[r-t] Singles in treble-dodging minor
pabs at cantab.net
Tue Sep 21 18:53:02 UTC 2004
Richard Smith <richard at ex-parrot.com> wrote at 18:18:51 on Mon, 20 Sep
>If a TDMM can be rung both bobs-only and in a composition
>involving singles, then there must exist a set of in-course
>lead heads and ends, L, that is only present in the
>bobs-only composition, and which is replaced by a set of
>out-of-course lead heads and ends, L', in the composition
An alternative way of looking at it is to construct a dual "method" with
the same rows as the original, but with each pair of rows in a half-lead
with the treble in a given place interchanged. The nature of the rows
when starting from an out of course lead head will match those of the
original starting from an in-course lead head.
Now, if the method can be rung in an extent containing singles, this is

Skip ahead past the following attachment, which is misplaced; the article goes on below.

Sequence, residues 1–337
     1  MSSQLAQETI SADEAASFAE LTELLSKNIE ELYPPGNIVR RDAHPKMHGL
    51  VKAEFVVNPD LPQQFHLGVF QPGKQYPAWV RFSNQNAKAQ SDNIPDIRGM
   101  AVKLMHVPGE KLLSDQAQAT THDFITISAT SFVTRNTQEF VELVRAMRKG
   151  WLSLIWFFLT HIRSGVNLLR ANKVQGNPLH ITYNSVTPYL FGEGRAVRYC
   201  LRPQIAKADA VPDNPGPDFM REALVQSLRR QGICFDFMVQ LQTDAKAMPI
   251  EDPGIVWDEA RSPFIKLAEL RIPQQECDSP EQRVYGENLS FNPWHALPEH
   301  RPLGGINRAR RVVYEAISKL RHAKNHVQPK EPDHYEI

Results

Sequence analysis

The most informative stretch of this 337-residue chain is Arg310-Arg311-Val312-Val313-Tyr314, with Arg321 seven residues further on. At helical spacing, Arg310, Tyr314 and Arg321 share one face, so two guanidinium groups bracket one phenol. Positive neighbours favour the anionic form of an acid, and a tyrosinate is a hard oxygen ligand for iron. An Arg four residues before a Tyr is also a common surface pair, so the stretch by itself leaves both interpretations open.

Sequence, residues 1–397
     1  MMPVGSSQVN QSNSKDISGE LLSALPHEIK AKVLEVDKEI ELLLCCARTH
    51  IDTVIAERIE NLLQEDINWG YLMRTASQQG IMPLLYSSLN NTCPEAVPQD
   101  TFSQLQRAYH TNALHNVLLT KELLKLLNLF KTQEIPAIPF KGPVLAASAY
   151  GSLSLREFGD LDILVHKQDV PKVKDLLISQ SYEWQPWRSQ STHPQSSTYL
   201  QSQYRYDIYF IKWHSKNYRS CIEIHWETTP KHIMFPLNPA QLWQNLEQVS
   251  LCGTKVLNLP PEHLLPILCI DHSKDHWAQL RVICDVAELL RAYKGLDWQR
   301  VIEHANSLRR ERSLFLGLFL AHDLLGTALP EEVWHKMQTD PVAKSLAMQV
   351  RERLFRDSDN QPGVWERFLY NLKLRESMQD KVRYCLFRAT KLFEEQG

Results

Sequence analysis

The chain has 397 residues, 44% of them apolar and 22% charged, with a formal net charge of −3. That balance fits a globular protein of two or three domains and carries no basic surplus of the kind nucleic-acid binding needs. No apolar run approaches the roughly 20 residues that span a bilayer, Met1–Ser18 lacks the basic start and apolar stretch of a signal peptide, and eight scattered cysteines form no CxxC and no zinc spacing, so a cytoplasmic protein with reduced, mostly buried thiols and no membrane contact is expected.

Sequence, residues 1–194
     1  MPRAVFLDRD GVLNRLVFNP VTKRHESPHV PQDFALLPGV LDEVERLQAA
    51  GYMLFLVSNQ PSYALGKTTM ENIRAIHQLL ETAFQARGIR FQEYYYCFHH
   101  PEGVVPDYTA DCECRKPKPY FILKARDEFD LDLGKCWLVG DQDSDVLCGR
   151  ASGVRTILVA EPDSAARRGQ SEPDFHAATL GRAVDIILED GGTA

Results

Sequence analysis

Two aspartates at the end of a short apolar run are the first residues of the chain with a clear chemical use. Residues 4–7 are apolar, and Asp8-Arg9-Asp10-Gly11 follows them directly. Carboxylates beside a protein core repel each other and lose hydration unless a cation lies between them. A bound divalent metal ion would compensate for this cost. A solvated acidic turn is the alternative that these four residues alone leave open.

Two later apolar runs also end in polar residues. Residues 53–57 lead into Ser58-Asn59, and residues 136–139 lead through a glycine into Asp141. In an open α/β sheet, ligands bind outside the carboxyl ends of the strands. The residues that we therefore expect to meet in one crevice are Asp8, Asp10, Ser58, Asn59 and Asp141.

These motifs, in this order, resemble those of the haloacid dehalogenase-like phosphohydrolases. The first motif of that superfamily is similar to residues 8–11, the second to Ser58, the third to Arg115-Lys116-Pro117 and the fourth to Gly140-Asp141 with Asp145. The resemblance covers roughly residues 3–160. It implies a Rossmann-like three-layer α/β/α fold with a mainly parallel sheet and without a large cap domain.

equivalent to finding a splice with in-course leads of its dual (ignore
the fact that it contains jump changes). Then it is easily seen how
conventional splices can be used:
6-lead splices are precisely those where the pivot bell is in the same
place in each pair of rows that are swapped, i.e. it must dodge at the
same time of the treble.
3-lead splices are those when a pair of bells crossing at the half-lead
both dodge at the same time of the treble (either together, or one with
the treble, of necessity) - adjacent places may be introduced where this
pair would cross.
Or, turning it on its head, a similar analysis to Richard's can be used
to determine whether two methods can be spliced in-course. Each row can
be rung in one of two ways, so picking a lead of one method rules out
certain leads of the other, which in turn implies that rows contained in
the ruled-out leads must be rung to the first method etc. Eventually we
finish up with a subgroup of les/lhs that must all be the same method -
if this is not the entire group then the extent may be partitioned.
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